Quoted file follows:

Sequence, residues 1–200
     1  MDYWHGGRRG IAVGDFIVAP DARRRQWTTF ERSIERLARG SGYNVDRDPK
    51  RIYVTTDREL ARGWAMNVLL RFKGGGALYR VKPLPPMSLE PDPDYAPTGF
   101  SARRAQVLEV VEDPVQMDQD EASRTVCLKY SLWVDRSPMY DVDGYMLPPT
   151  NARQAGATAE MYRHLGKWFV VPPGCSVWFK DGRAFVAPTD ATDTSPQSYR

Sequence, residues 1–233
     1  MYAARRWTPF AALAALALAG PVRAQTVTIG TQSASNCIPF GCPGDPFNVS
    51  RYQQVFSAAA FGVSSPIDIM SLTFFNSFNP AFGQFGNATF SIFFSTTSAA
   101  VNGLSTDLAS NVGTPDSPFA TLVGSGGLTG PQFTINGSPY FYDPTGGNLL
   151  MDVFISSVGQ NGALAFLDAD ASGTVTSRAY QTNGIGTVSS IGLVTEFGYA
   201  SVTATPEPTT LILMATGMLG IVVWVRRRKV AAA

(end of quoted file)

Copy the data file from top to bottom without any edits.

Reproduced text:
Sequence, residues 1–200
     1  MDYWHGGRRG IAVGDFIVAP DARRRQWTTF ERSIERLARG SGYNVDRDPK
    51  RIYVTTDREL ARGWAMNVLL RFKGGGALYR VKPLPPMSLE PDPDYAPTGF
   101  SARRAQVLEV VEDPVQMDQD EASRTVCLKY SLWVDRSPMY DVDGYMLPPT
   151  NARQAGATAE MYRHLGKWFV VPPGCSVWFK DGRAFVAPTD ATDTSPQSYR

Sequence, residues 1–233
     1  MYAARRWTPF AALAALALAG PVRAQTVTIG TQSASNCIPF GCPGDPFNVS
    51  RYQQVFSAAA FGVSSPIDIM SLTFFNSFNP AFGQFGNATF SIFFSTTSAA
   101  VNGLSTDLAS NVGTPDSPFA TLVGSGGLTG PQFTINGSPY FYDPTGGNLL
   151  MDVFISSVGQ NGALAFLDAD ASGTVTSRAY QTNGIGTVSS IGLVTEFGYA
   201  SVTATPEPTT LILMATGMLG IVVWVRRRKV AAA